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Tillabooks: Will's Book Blog

Sunday, October 03, 2004

English Music by Peter Ackroyd

English Music by Peter Ackroyd. New York: Alfred A. Knopf, 1992. ISBN: 0-679-40968-8

This is certainly an unusual book. I was attracted by its title, since I am interested in fiction with a musical theme or musical story elements. The "English Music" spoken of here, however, is more than just music in the traditional sense. The author, through his characters, uses the term to refer to all of English artistic endeavor: literature, poetry, art and yes, music too.

Ackroyd states, in his "Acknowledgements," that "The first inspiration for this novel came from the Victorian medium, Daniel Home, and the short account of his son in Incidents of My Life." Unfortunately, he does not provide us with that "short account." My local library doesn't own a copy of that book; even Amazon.com only lists one copy, a used edition for sale by an individual, not by Amazon itself. Powells lists a trade paperback, currently out of stock, but on order.

But back to the book at hand. It is the story of a young boy, Timothy by name, who grows up first with his father, a spiritualistic medium, then later with his grandparents, in an apparent attempt to give him a more "normal" life. For as we gradually learn, it appears that his father's ability to perform physical healings come more through some power of his son, than through his own innate abilities.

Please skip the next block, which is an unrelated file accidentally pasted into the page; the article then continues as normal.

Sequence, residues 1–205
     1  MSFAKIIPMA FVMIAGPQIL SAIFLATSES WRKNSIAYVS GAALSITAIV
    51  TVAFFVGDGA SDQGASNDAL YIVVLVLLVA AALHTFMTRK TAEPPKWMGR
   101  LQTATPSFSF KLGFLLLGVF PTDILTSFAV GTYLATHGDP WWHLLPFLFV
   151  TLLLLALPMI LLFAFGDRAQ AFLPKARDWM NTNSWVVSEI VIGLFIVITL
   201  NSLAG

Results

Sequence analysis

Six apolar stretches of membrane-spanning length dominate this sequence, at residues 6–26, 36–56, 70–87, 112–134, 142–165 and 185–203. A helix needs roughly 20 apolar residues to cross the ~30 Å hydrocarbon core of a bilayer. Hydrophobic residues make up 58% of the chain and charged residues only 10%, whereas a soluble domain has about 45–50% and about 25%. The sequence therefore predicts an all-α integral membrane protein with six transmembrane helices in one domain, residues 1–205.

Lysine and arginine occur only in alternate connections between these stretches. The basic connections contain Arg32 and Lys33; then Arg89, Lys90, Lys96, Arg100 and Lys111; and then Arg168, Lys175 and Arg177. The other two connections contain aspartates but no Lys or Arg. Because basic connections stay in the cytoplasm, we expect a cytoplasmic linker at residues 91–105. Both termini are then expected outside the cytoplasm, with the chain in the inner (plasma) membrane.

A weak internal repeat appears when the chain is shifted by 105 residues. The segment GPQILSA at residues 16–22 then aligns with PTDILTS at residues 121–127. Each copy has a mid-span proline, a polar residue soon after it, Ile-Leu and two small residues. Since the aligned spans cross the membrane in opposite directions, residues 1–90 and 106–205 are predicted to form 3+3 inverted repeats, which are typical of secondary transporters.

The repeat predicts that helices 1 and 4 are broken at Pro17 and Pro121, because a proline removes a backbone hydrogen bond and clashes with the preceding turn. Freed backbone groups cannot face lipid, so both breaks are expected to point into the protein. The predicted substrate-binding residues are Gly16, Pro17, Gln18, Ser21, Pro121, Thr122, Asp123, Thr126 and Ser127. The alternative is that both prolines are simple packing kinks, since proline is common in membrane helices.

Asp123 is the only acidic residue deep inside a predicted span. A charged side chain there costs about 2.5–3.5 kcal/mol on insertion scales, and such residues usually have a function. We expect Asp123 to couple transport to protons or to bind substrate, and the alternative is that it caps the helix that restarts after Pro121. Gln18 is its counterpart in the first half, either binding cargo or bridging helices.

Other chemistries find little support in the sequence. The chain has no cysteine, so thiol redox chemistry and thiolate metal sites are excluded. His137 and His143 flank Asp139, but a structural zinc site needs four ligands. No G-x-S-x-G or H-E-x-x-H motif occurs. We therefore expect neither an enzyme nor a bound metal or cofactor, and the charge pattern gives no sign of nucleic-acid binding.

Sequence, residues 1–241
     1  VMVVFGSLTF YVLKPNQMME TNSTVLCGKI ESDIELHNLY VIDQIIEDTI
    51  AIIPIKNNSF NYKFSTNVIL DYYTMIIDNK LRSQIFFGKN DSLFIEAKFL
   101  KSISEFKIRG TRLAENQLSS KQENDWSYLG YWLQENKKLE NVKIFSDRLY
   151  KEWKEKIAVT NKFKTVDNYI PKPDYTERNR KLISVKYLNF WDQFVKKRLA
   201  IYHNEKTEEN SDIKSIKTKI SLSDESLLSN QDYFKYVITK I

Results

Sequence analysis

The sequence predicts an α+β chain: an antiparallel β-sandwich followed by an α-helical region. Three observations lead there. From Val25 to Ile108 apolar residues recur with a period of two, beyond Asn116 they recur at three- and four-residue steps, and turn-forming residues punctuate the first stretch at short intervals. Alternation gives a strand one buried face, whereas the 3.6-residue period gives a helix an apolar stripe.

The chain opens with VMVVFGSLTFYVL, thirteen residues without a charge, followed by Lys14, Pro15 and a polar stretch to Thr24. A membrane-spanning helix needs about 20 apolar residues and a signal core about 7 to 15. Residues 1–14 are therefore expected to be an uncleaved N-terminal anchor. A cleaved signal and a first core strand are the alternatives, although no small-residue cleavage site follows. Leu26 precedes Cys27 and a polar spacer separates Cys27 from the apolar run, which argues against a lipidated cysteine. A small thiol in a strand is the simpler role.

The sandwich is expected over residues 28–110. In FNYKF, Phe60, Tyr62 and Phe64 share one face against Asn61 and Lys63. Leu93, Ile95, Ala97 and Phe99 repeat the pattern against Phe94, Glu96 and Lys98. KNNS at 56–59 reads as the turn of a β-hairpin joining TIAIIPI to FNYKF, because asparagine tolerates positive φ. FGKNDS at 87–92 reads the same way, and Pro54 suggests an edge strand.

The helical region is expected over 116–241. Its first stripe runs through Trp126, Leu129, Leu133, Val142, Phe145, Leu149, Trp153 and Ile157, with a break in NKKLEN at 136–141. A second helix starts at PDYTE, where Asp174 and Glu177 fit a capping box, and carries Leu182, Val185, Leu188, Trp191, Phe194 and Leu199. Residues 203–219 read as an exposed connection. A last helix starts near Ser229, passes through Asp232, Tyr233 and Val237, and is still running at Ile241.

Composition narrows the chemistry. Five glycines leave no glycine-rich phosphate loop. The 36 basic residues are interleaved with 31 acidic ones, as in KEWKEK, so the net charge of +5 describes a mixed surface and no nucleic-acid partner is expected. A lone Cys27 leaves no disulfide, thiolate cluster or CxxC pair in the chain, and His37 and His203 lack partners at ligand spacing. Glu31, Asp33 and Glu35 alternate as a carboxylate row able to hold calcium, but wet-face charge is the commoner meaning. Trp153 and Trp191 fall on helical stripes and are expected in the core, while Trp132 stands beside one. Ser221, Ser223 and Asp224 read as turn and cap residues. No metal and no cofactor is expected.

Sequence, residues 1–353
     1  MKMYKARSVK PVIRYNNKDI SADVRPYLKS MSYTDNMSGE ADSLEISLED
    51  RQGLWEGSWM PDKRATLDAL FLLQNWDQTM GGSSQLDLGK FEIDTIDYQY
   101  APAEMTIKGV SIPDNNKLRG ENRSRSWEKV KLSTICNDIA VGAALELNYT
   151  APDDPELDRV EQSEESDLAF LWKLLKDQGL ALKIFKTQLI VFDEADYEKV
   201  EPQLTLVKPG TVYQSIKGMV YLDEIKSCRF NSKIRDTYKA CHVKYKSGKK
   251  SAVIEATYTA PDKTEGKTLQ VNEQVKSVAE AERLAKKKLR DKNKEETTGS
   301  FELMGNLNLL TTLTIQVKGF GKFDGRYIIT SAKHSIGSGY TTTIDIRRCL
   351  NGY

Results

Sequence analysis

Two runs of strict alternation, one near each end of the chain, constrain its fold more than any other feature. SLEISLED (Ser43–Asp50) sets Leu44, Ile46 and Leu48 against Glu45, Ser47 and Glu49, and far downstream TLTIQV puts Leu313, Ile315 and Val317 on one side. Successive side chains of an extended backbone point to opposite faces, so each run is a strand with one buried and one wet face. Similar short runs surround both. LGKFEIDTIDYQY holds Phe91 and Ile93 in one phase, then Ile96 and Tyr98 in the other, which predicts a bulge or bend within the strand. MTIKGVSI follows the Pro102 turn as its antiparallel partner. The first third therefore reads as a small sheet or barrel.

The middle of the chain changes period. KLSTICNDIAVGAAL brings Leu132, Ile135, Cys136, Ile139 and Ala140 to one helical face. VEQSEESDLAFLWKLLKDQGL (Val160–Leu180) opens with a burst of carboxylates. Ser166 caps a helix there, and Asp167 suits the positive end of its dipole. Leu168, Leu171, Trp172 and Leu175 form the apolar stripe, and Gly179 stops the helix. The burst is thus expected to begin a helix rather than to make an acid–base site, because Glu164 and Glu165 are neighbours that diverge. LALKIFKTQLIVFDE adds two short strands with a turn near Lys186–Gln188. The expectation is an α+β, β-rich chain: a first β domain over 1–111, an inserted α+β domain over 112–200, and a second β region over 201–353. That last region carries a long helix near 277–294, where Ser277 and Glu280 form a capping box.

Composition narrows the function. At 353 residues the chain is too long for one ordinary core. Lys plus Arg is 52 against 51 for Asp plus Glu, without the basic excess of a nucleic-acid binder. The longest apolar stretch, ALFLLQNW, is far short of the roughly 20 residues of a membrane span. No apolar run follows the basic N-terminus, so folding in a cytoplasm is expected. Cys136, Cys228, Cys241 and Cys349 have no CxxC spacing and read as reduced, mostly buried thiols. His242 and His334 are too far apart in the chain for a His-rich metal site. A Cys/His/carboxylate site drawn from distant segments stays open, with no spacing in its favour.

But the more interesting aspect of this book by far, is the series of visions or enchantments into which Timothy falls. Each one introduced by a particular exemplar of British cultural or artistic achievement. Timothy's father reads to him at night, often from such works as Alice in Wonderland or The Pilgrim's Progress. The first of Timothy's dreams, then, is a weirdly wonderful and wacky admixture of those two works, in which Tim finds himself experiencing a combination of those two books, with Alice and Christian each exerting their unique influence upon events. The book is worth taking up just for this episode alone!

Unfortunately, none of the subsequent visions quite measure up to this first one, although each has its own unique charm. By turn we find ourselves inside the world of Dickens's Great Expectations, then an Arthur Conan Doyle mystery with a Sherlock Holmes act-alike character inexplicably named Austin Smallwood. Next Tim finds himself abandoned on Robinson Crusoe's island, mixed about with the musical influences of Henry Purcell, then on to some fairly lengthy dissertations on music by that great master, William Byrd, followed by a visit to Bedlam and much of London in the company of master engraver and illustrator William Hogarth. After a kaleidoscopic and chiaroscuro stroll through the paintings of English artists from Gainsborough, Constable, Whistler and others, a romp in verse through English poetry from Beowulf, Chaucer, Blake, Milton, Donne, and all the rest, we end these rambles with an excursion into Mallory where we encounter Merlin and the Maimed King (reminiscent of the Fisher King).

These dreams, visions, or whatever they are, take place over a period of time extending from Timothy's childhood all the way up until his father's death many years later. His real life is considerably more prosaic, although not entirely devoid of interest. But it's the visions that really make the book.

All in all, quite a virtuoso performance, a tour de force of imagination focusing on English cultural influences. Not your ordinary kind of book by any means. One that brings its own rewards, however, to the person willing to stick with it. Recommended primarily for bona fide lovers of "English Music," as defined by the author.


  • Hi Do not quite understand what is at stake.

    By Anonymous Anonymous, at 2:00 AM  

  • Thank you for your comment. However, I don't quite understand your question.

    Thanks again,


    By Blogger Will, at 8:25 PM  

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